However, as Ramakumar and Chavan2 have shown, the growth in agricultural credit in the 2000s has largely come about due to (a) high growth in indirect finance to agriculture rather than direct finance to cultivators; (b) changes brought about in the definition of “indirect finance” (which now categorises loans given to dealers of agricultural machinery, state electricity boards and non-banking financial companies as credit to agriculture); and (c) sharp increases in the number of loans with a credit limit of Rs 10 crore and above, and particularly, Rs 25 crore and above (which implies loans to big cultivators and businesses), and a correspondingly steep decline in the share of direct advances with credit limit of less than Rs 25,000. This kind of “revival” of agricultural credit does not address the needs of the small and marginal cultivators, who have been worst affected by banking reforms.

The emphasis by the author on microfinance institutions and microcredit as a way out of the problems of small borrowers does not take into account the problems with existing microcredit schemes, such as the 24% per annum rate of interest charged by them.

In the essay on implications of research and development (R&D) for managing the vulnerability in agriculture, Suresh Pal contends that the “unfolding challenges of Indian agriculture can only be addressed through science and technology” (p 88). This is despite the evident limits to technology-driven growth in agriculture and the serious issues of sustainability, equity and environment that have arisen due to such growth. Advocating a “technologyonly” approach is akin to subjecting the patient to the same contagion that made him ill in the first place. Pal recognises the inherent problems associated with greater participation of private sector (mainly multinational agribusiness companies) in agricultural R&D, such as the exaggeration of claims about the performance of a technology, withholding information from the farmers and consumers, and the increase in seed prices not commensurate with yield or other economic advantages.

He also points to the fact that the new intellectual property rights regime might lead to concentration in the seed industry and domination of market by the multinational corporations (MNCs). And yet, he continues to advocate “improving private sector access to public research material, encouraging public-private joint programmes, and involving the private sector’s participation in policymaking” (p 103) as the future road map for R&D in Indian agriculture. The Indo-US Knowledge Initiative on Agriculture, mentioned by the author, is a blatant attempt by the US to orient our agricultural policies to suit their interests. It is not a coincidence that the Knowledge Initiative has on its board, three large US multinational companies – Monsanto, Archer Daniels Midlands and Wal-Mart. The harmful effects of unsustainable technology promoted by MNCs cannot only be mitigated by effective regulatory mechanisms, as has been suggested by the author.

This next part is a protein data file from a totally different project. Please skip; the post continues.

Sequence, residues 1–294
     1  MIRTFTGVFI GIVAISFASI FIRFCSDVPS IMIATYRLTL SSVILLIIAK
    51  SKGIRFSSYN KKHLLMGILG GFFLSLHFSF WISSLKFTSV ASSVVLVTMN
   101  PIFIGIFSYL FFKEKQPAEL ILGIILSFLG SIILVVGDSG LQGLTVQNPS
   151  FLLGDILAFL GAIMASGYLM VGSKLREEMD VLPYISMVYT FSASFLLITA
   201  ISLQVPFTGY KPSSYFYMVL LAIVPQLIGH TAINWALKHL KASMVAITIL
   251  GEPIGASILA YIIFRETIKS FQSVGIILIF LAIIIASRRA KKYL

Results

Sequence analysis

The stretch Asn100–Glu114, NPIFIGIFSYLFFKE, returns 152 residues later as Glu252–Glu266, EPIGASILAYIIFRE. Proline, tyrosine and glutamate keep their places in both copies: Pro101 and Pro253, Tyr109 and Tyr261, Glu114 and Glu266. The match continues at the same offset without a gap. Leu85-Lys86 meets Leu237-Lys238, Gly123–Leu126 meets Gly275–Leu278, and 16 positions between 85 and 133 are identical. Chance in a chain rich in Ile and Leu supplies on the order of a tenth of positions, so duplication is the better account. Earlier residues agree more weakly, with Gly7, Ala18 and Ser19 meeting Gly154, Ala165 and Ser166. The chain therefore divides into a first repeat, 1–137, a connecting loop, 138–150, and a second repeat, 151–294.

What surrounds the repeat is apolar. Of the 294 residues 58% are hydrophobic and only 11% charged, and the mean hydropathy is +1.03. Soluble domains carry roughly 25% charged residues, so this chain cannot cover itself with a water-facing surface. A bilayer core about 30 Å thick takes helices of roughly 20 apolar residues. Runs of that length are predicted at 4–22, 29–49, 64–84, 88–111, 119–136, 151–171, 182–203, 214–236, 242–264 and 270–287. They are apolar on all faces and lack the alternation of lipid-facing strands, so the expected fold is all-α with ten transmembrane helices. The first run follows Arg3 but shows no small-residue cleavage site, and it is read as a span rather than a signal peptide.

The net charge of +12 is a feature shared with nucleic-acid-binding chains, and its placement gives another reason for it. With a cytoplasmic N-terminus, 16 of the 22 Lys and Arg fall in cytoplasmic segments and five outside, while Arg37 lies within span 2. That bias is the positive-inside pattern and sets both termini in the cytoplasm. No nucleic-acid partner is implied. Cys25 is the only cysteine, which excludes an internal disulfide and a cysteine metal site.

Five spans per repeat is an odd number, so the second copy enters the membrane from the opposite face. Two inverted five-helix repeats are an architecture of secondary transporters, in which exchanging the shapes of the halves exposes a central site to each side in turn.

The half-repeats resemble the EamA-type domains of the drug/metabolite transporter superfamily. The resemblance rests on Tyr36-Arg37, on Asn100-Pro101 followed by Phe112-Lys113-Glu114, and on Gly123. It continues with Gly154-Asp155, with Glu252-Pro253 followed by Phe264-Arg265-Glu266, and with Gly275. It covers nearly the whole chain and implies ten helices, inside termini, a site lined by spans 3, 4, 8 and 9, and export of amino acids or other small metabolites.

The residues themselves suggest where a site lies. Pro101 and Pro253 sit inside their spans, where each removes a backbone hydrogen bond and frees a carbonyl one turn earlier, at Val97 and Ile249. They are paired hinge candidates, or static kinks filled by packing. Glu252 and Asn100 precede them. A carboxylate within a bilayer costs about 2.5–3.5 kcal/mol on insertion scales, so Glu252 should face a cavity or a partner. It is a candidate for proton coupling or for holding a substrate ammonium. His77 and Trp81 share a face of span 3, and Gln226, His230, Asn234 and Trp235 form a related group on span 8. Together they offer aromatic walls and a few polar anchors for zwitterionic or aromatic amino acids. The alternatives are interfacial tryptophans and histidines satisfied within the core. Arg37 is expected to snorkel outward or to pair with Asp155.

The essay by V M Rao makes an extremely relevant distinction between two dimensions of the crisis – the crisis in agricultural growth and agrarian crisis. Rao argues that they lead to “sharply differing diagnoses… the former favours liberalisation, globalisation, and a less interventionist role of the State, the latter firmly believes in the need for radical changes in the structure of the society through land reforms and political mobilisation of the poor” (p 110). However, the book as a whole seems to recommend an overlap of the two kinds of diagnoses. It locates the complexity of the present crisis in “interrelatedness between agrarian crisis and agricultural crisis” (p xx).

The state-specific studies contained in the second part of the book bring out both the diversity of conditions in different states and the common factors responsible for farmers’ distress such as indebtedness, rising costs, declining returns and inadequate policy support to the farmers. Growing fragility of resources, especially groundwater, and inappropriate cropping patterns are also identified as causes of farmers’ distress. The profitability of agriculture has been declining due to cost of inputs increasing faster than the output prices. The method used is that of analysing through household surveys and secondary sources of information.


On the whole, the book is informative, contains extensive data and the adverse impact of economic reforms on agriculture is brought out well. But the major lacuna lies in the absence of politicaleconomic understanding of the policies adopted. The crisis in agriculture has definitely been aggravated by economic reforms but it should be remembered that there is a continuum in the political processes which led to the adoption of Green Revolution in the late 1960s and the policies of liberalisation and privatisation in the 1990s.

Another serious problem lies in the solutions and recommendations offered in some of the essays. They take the present set of policies as given and talk about ways and means of how best to minimise the adverse impact of the same. Worse still is the advocacy of the very same policies and measures which have created the crisis in the first place such as allowing the private corporate sector in the marketing of seeds or in agricultural research. One dimension of the crisis which ought to have been paid more attention to is public procurement and marketing policy.

Nevertheless, given the gravity of the agrarian crisis and the dearth of literature on the issue, this book is a welcome effort.



1 Praveen Jha, “Some Aspects of Well-being of India’s Agricultural Labour in Context of Contemporary Agrarian Crisis”,

2 Pallavi Chavan and R Ramakumar, “Revival of Agricultural Credit in the 2000s: An Explanation” Economic & Political Weekly, 29 December 2007.

Economic & Political Weekly

JUly 18, 2009 vol xliv no 29